International Exposition in Philadelphia.
Demonstrating the continuity of China’s
culture, its progress in modern education and the evolution of the Chinese
civilization, the show attracted many visitors who were amazed by a China heretofore
unknown to them. As a result, the judges awarded China the grand prize “for the
development of a comprehensive system of public education and China Institute a
medal of honor for “unique and original presentation.”
To carry out its mission to promote closer relationships between
Chinese and American institutions, the Institute arranged visits to China by American
professors and Chinese professors to give lectures in the U.S. Two of the
Chinese professors invited were Y.C. James Yen, Director of the National
Association for the Mass Education Movement and Professor William Hung of Yenching
University. To educate the
American public about China,
Kuo and his staff as well as speakers recommended by
China Institute conducted many speaking tours across the United States.
Due to increased demand on its funds, the China Foundation
was not able to support the operation of China Institute beyond 1929. Kuo was asked by the foundation to reorganize China
Institute into a membership organization to seek support from the public. At
that junction, Kuo was invited to return to China to take up a
government post as the chief of the Bureau of International Trade in the
Ministry of Industry and Commerce. A search committee was formed to seek a new
director. Committee members included Dewey and Monroe.
The new director chosen was Meng Chih, who assumed the position in 1930. The board of
trustees included two members who were on Columbia
faculty at the time. They were Paul Monroe, director, International Institute
and Edwin R. A. Seligman, Professor of Political Economy. Monroe served at the President of the Board. It
is possible that some of the remaining 12 board members attended Columbia at one time or
For close to half a century since then, Meng
Chih’s name had been identified with China Institute.
He served as the Director of the Institute from 1930 to 1967, spanning 37
years. A direct descendant of Mencius (孟子), Meng Chih attended the renowned Nankai
Middle School and later was
among the fifty of all the twenty thousand applicants admitted to the
University through a
In 1919, Meng was awarded a
coveted five-year scholarship to study in the United States. Initially, he went to Davidson College
in North Carolina.
Two years later, he was transferred to Columbia
for graduate study in sociology. Fortunately for him, he had Hu Shih and John Dewey as his academic advisors. This,
however, was not the first time Meng met Dewey. They
had already become good friends back in Beijing
when Meng served as Dewey’s private guide and
interpreter during his lecture tour in China.
While at Columbia,
Meng served as the spokesman for the Chinese Student
Government and was heavily involved in Chinese and American activities and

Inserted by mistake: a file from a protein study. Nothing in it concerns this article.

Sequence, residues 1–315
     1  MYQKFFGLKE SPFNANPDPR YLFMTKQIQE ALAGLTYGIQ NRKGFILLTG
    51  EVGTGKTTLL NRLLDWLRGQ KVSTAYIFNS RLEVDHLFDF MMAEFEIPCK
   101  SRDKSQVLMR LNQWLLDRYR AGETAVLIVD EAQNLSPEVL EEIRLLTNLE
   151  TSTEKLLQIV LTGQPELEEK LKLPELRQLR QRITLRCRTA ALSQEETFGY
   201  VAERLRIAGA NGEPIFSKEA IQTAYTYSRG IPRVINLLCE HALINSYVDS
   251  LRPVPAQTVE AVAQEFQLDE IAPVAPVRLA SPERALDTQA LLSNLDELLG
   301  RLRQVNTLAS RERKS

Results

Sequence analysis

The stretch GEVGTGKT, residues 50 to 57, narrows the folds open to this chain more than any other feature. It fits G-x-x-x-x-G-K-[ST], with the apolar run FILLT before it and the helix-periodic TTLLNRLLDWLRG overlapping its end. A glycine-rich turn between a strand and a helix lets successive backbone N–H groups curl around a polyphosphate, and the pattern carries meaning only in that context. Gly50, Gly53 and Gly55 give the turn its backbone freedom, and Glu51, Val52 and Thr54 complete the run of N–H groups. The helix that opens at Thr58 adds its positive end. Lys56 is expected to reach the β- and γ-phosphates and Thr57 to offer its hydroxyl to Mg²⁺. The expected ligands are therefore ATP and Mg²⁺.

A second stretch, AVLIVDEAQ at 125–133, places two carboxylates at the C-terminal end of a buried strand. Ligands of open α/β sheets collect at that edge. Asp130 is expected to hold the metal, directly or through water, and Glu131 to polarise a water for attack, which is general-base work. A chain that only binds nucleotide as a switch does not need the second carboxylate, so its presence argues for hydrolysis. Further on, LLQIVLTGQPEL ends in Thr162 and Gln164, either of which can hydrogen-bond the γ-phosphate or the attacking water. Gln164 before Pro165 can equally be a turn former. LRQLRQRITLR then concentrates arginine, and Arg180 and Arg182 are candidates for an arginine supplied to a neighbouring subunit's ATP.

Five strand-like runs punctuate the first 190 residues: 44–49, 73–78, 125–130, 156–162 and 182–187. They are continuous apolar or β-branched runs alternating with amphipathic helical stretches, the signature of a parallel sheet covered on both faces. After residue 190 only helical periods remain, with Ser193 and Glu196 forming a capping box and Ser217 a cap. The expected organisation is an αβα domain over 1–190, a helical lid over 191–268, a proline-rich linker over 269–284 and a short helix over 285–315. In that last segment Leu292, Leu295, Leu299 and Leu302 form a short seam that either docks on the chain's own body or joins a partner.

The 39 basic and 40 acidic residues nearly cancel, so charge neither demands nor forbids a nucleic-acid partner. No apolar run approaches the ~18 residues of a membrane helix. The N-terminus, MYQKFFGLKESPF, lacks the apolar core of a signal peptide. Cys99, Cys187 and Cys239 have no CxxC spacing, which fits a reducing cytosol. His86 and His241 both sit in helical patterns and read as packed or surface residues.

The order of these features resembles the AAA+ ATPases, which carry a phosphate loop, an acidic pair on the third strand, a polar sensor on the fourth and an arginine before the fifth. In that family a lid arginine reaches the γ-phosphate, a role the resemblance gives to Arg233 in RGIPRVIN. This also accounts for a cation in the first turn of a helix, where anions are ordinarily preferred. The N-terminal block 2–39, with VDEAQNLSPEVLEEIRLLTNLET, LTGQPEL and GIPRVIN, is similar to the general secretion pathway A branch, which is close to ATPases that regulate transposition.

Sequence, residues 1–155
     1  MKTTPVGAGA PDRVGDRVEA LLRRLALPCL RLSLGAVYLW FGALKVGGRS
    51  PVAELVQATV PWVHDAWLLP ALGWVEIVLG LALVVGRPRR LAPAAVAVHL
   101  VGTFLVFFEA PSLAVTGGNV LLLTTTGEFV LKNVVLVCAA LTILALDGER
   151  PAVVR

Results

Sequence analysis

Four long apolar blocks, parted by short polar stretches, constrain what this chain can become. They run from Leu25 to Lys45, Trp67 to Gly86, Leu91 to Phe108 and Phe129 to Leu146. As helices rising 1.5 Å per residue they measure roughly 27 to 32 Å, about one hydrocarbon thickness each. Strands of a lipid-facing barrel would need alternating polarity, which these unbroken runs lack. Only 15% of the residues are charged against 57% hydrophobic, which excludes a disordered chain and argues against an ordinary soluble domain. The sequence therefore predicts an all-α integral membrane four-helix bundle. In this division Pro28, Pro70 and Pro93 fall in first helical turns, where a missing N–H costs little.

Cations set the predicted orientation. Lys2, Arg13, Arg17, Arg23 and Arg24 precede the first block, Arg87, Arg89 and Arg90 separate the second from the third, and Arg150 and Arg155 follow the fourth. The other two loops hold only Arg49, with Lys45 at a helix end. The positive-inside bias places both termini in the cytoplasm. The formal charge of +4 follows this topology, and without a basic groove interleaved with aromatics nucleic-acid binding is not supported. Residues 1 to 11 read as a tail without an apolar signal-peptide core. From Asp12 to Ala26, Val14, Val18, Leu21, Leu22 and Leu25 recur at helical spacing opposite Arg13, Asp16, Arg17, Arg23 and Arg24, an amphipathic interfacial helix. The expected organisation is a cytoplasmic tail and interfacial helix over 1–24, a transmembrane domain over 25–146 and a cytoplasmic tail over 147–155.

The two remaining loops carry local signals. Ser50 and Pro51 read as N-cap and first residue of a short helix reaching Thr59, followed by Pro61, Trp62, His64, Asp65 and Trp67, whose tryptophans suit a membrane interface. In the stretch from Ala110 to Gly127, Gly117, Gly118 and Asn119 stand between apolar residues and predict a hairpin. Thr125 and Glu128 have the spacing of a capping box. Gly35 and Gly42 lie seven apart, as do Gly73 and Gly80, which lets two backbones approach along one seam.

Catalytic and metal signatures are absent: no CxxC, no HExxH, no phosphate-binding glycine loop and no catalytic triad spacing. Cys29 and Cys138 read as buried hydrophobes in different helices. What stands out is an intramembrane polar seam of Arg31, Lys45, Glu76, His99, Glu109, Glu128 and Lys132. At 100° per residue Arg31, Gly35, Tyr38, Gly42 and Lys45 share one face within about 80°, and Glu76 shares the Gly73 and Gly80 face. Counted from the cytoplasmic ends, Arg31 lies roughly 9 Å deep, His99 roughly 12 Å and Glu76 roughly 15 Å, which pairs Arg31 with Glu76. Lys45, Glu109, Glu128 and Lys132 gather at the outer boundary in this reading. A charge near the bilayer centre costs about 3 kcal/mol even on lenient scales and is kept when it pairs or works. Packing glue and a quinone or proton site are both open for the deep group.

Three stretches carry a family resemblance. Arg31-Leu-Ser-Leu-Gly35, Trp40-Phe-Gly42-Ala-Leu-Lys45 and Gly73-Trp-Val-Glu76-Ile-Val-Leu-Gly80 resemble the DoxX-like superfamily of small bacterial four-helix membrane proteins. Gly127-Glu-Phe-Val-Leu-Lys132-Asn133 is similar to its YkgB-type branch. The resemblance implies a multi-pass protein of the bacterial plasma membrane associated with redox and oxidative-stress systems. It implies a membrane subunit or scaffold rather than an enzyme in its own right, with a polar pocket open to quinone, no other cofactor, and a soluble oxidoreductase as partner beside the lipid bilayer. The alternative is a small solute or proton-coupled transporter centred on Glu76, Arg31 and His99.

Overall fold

organizations. In 1923, Meng was elected President of
the Chinese Students’ Christian Association in North America,
a national organization with 2500 members. He had also been elected President
of the Tsinghua and Nankai
Meng was offered the position as
the China Institute’s director because of his name recognition. Following his
appointment, Meng reorganized China Institute into an
independent, self-supporting corporation. Meng made
monumental contributions on many fronts, but none was more significant than his
work in two areas.
First, he made China Institute a home away from home for the
Chinese students in the U.S.
In the early part of the 20th century, sending more students to
pursue graduate studies in the U.S.
was a matter of national urgency for China and so was the work to assist
the students after their arrival. In 1933, Meng was
appointed by Mei Yi-chi (梅貽琦), President of Nankai
University to be the honorary Director of the Chinese Educational Mission in
to look after Tsinghua scholarship students and help
deal with the problems that they faced in the U.S. This responsibility led him to
visit 288 colleges and universities in 46 states. He met 1,700 Chinese students
on these visits. To better acquaint him with the situation at home, the
Ministry of Education in China
invited him to conduct a survey visit to evaluate in person the performance of
American-trained men and women who had returned to work in China. On his
extensive visits to various localities in 14 provinces in China
in 1936-7, he met 2,400 returned Chinese students from the U.S.,
most of whom were playing powerful and influential
roles in various spheres of life in China,
including government, finance, industry, commerce and education.
was on the brink of launching an all around attack on China in 1937, the
China Foundation decided to transfer some of its funds to the U.S. for
safekeeping and Meng was charged with administering
scholarships in the U.S.
through China Institute to provide relief funds for the Chinese students
stranded there. It soon became clear that the funds provided by the China
Foundation were too little for the more than 2000 Chinese students who needed
help. Meng went all out to secure additional funding,
including seeking the assistance of Eleanor Roosevelt, who was sympathetic with
the plight of the Chinese students in the U.S. At the invitation of Meng, Mrs. Roosevelt addressed the Chinese students at the
International House on Riverside Drive
near Columbia in
By the 1940s, China Institute had been well established and
recognized by both the American and Chinese Governments. It had become the
channel for educational institutions in both countries to administer
scholarships and exchange scholars. The amount of scholarships administered by
China Institute by 1943 reached over $2,500,000.
The second area in which Meng made
outstanding contributions was his work on explaining China to America through many projects,
programs and workshop he initiated. To a large extent, Americans’ knowledge of China at the
beginning of the 20th century was limited to Chinatown,